The Notice to Owner or Notice to Contractor needs to be received no later than 45 days from your first work or delivery of materials on the job site. Again, the 45 days is counted the same way as the previously mentioned 90-Day count. You count every weekday, weekend, and holiday up to the 45th day. On this day you need to roll over to the next business day if it falls on a Saturday, Sunday, or legal holiday.
4. Check for subcontractor bonds
Most people do not know this, and it is not recorded in the public record, but you can get a copy. For example, you are a sub-subcontractor, and you are working for the subcontractor. That subcontractor may have their own bond that you can make a claim against in addition to the claim that you can make against the prime contractor’s bond.
For example, let us say there is a sub-subcontractor on a job, and they do not send the necessary notices. They miss their deadlines to make a claim on the prime contractor’s bond, but they find a bond by the subcontractor. They can make a claim against that bond and the timeframes for the sub-bond are not controlled by these rules. It is controlled by whatever it says in the bond. So, in the case of the bond from the subcontractor, he still has rights and can make a claim.
The best place to ask for a copy of that subcontractor bond is from the prime contractor. The prime contractor is more likely to give you a copy of the sub-bond than the subcontractor who you have a contract with. Now you can send that request in writing and they are supposed to give you a copy of any sub-bond.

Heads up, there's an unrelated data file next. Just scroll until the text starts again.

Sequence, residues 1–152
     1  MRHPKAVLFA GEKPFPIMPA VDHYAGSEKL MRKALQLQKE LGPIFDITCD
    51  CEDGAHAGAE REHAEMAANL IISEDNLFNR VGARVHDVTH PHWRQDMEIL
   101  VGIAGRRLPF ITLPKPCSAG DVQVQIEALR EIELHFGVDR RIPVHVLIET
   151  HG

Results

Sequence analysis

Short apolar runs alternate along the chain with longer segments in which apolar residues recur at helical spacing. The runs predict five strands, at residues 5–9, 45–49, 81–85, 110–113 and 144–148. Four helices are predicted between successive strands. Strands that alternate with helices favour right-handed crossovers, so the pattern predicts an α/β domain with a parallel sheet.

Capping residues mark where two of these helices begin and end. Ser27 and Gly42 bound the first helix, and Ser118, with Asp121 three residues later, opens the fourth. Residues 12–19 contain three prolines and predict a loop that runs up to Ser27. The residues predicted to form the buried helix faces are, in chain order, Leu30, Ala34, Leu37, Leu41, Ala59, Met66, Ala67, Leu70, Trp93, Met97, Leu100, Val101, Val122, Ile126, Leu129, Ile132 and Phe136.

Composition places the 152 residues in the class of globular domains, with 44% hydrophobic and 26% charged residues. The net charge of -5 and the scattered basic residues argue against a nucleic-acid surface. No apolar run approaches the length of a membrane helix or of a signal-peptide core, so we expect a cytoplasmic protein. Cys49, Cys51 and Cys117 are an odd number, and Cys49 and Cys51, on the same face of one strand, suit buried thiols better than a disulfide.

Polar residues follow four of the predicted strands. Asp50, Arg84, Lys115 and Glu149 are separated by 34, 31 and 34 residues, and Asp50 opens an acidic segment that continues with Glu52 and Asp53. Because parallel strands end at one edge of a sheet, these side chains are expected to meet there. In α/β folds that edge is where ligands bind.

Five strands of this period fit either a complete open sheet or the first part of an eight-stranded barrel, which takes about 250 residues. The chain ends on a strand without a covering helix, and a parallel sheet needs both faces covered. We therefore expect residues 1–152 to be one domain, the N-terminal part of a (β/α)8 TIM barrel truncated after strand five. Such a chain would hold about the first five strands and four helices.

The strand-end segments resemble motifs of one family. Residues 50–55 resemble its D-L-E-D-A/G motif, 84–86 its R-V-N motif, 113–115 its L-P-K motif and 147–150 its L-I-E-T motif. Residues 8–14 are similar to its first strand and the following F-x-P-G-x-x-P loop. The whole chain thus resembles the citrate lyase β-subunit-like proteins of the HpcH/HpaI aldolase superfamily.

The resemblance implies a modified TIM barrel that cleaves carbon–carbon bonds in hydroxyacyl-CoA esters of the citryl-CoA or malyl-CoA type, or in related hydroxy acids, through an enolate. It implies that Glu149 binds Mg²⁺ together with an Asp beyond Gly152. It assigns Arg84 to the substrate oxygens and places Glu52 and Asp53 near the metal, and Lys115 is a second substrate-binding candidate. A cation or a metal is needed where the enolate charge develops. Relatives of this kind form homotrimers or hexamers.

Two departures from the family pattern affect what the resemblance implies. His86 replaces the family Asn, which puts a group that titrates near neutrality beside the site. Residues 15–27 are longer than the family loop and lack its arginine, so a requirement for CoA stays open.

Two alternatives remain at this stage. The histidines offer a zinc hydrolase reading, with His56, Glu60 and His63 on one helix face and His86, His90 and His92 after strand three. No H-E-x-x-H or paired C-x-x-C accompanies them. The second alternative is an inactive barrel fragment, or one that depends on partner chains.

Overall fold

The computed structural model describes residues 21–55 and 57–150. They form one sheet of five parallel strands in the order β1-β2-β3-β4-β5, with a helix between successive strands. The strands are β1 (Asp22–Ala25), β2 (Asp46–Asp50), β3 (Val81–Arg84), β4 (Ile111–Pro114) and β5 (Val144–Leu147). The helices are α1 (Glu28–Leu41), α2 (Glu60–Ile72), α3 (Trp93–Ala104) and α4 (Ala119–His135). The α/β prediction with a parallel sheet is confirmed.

State Public Bonded Projects
The general rule for state public bonded projects is if you have a direct contract with the bonded prime contractor – which means that you are a subcontractor on a bonded public job – you do not need to send a Notice to Owner or Notice to Contractor. Again, you should have a process in your office, but no matter what job you start, if it is above a certain amount of money, those jobs should automatically be noticed.
1. Notice to Owner/Contractor is not required, but it should be sent
In case you missed it, or if something falls through the cracks, that on state public bonded jobs, if you are in direct contract with the bonded contractor, you do not need to send your first notice. Most people are not aware of this next fact, but you actually do not need to send your notice. There is no Notice of Nonpayment required for subcontractors on a public job that is bonded.
You should still send it within 90 days because that should be the process in your office. But just note that if you are a subcontractor on a bonded job, you do not need the first notice or the second one.
2. File suit on the bond